Your 20s and 30s: A Physician’s Guide to Cancer Screenings by Age

Submitted by Dr. Nitish Manning on January 14, 2019

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What and When?

Cancer screening recommendations (and the timing of these tests) can be confusing. In a series of posts over the next few weeks, I will take the guesswork out of available (and recommended) cancer prevention screenings-- from your 20s to your 80s--so you can stay on top of your health.

A young couple talking to an oncologist

In your 20s and 30s it’s easy to feel indestructible.  Whether or not you take great care of your health, there are some important cancer screening tests to be aware of.

My recommendations are below.

In Your 20's

Men/women:

  • Colon cancer screening is not indicated, but if you have concerning symptoms or positive family or genetic history, you may want to discuss with your primary care physician about early screening and/or genetic testing.

Women:

  • Cervical cancer screening: get a pap smear every three years starting in your 20s regardless of your sexual activity.
  • Breast cancer screening is not indicated, but if you have concerning symptoms or positive family or genetic history, you may want to discuss with your primary care physician about early screening and/or genetic testing.

In Your 30's

Men/women:

  • Colon cancer screening is not indicated, but if you have concerning symptoms or positive family or genetic history, you may want to discuss with your primary care physician about early screening and/or genetic testing.

Women:

  • Cervical cancer screening: pap smear and co-testing with HPV (preferred) every five years or pap smear alone every three years.  A new alternative for screening to discuss with your primary care physician is a high-risk HPV screening alone every five years.
  • Breast cancer screening is not indicated, but if you have concerning symptoms or positive family or genetic history, you may want to discuss with your primary care physician about early screening and/or genetic testing.

The following cancers do not currently have any specific recommendations or testing for screening. So no matter your age, you should discuss family history with your physician and be very aware of related symptoms:

  • Bladder cancer
  • Oral cancer
  • Ovarian or uterine cancer
    • However, pending positive family or genetic history, you may want to discuss genetic testing with your primary care physician.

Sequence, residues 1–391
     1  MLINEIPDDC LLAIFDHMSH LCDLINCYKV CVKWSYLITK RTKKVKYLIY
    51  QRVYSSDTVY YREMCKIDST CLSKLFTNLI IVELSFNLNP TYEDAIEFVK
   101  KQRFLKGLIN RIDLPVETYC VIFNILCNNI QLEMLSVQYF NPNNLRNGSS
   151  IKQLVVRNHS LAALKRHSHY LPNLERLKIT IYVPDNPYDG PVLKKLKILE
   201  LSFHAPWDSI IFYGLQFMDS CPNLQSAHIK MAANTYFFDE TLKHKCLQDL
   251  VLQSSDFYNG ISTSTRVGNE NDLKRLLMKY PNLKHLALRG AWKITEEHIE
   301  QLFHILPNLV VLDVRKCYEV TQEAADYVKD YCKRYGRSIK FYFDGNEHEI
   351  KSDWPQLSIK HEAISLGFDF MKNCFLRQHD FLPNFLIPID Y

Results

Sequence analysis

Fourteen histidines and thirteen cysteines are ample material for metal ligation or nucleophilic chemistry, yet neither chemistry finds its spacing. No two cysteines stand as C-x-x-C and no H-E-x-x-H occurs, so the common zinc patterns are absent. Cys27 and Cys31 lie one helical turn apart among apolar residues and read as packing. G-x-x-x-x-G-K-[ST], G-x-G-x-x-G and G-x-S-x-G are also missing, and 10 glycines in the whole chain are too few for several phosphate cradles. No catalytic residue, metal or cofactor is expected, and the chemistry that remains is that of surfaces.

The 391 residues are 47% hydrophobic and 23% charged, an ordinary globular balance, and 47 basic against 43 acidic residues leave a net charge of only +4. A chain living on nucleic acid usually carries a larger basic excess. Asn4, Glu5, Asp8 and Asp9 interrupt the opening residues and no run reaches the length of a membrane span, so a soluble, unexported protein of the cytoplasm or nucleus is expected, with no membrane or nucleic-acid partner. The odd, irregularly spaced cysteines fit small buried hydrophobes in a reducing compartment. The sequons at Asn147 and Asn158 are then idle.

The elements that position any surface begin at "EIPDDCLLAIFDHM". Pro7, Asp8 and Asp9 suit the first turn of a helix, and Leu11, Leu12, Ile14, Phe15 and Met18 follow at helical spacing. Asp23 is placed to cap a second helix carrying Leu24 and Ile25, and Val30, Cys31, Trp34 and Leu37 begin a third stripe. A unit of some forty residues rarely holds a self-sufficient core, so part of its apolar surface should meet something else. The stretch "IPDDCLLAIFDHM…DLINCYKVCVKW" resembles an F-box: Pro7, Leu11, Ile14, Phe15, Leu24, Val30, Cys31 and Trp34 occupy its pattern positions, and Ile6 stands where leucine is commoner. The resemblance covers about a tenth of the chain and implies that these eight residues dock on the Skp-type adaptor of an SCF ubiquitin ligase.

• Pancreatic cancer
    • However, pending positive family or genetic history, you may want to discuss genetic testing with your primary care physician
  • Skin cancer
    • However, an individual with skin findings, positive family history or significant risk factors may want to discuss screening with a primary care physician or dermatologist
  • Testicular cancer
  • Thyroid cancer

These are also great decades for starting healthy habits that can decrease your risk for cancer in the long-term. These behaviors include healthful eating, regular exercise and stress reduction. If you have questions about how to make these positive changes, now is the time to meet with a dietitianexercise trainer or even take time for yourself with a massage.

As always, no matter your age, you should be aware of any changes in your health, as well as undergo an annual check-up from a primary care physician.

This blog post is part one in a three part series. Check out cancer screenings in 40's & 50's and 60's & beyond

Dr. Nitish J. Manning is a member of Currituck Internal Medicine and Family Practice, a part of Chesapeake Regional Medical Group. She earned her medical degree from Eastern Virginia Medical School (EVMS) in Norfolk, Va., her master’s degree in medical science from the Drexel University College of Medicine in Philadelphia, Pa. and a bachelor’s degree in biology from Richard Stockton State College of New Jersey, Pomona, N.J. She completed her internship and residency at EVMS Ghent Family Medicine and served as the Geriatric Chief resident. Dr. Manning is a member of the American Academy of Family Physicians and the American College of Physicians.